Listening to the police radio is an interesting (and legal) experience. In one sense it makes sense that they let citizens listen in as a check on police abuse. I’m surprised though, because if upstanding citizens can listen in for fun or for university projects, criminals can listen in to see if they’re about to get caught and can act accordingly. If I were the police, I’d be using a scrambled radio system so bad guys wouldn’t know what I’m up to, although that might decrease the happiness of cantankerous old guys.
Listening to the DC Metro police radio, (http://www.rollcallradio.com/feeds/dcmpd.aspx), it’s pretty much what you’d expect. half ‘football’ codes: “738, we have a 5082 on F street” and half clear communication: “two suspects, black males, one in black jacket and bluejeans, one in jacket and blue jeans.” I didn’t hear any chatter about donuts.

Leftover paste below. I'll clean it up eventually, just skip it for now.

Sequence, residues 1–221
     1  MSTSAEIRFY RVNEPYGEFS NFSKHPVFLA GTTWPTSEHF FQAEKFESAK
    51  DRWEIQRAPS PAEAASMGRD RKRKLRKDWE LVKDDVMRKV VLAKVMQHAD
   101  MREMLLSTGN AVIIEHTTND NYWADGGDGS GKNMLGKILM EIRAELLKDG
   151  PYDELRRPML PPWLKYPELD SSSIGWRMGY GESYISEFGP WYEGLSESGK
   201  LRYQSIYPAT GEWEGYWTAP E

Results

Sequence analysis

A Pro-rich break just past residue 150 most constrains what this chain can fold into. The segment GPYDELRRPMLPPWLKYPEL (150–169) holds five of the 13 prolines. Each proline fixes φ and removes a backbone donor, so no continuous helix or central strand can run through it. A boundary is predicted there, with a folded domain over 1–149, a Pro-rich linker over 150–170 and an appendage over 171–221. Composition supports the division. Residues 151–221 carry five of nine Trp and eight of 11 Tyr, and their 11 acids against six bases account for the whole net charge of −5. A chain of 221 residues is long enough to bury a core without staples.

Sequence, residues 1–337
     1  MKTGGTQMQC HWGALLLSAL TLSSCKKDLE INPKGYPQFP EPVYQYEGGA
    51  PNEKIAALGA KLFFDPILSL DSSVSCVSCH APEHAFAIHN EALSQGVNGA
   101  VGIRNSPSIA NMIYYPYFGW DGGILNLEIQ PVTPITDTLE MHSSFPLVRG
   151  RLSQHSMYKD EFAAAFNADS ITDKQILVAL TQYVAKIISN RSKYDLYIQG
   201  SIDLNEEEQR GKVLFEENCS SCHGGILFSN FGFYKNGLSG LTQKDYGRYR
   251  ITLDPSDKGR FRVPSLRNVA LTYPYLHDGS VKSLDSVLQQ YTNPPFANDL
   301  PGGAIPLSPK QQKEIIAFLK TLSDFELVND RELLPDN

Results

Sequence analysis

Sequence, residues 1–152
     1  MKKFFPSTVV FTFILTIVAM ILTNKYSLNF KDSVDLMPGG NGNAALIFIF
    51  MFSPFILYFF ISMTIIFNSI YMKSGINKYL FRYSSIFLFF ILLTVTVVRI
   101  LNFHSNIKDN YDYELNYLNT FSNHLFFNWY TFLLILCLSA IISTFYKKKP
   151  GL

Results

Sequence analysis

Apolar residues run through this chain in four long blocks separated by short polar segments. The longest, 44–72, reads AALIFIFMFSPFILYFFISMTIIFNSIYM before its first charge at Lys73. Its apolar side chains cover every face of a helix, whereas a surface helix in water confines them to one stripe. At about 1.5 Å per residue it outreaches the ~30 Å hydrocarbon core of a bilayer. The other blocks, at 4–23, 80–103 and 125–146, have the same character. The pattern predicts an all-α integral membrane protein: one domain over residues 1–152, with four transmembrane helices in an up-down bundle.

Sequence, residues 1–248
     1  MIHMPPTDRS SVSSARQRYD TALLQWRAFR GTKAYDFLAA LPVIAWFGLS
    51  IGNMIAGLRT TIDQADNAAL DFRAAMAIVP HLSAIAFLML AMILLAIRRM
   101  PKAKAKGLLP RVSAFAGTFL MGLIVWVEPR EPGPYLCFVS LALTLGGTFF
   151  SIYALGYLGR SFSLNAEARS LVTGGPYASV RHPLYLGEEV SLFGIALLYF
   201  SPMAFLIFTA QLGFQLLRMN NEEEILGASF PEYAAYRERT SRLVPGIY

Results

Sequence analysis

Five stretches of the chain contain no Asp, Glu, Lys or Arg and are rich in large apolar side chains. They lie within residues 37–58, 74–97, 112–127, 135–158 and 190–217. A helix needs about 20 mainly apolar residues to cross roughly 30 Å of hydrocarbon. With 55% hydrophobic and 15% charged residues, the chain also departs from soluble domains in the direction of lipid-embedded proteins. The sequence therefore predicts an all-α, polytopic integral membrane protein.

It’s a pretty good system, combined with the in-car datalinks, it’s pretty spare on communication. I’m amazed that the traffic on the voice loop is manageable for such a large city, but there’s probably a lot of communication with the datalink which cuts down on the voice traffic (i.e. license checks, etc.)
There must be some sort of tracking for where the cars are, so they can intelligently dispatch, but there may not be—which increases the cognitive load on the police officers, who have to listen to the radio calls for issues in their area.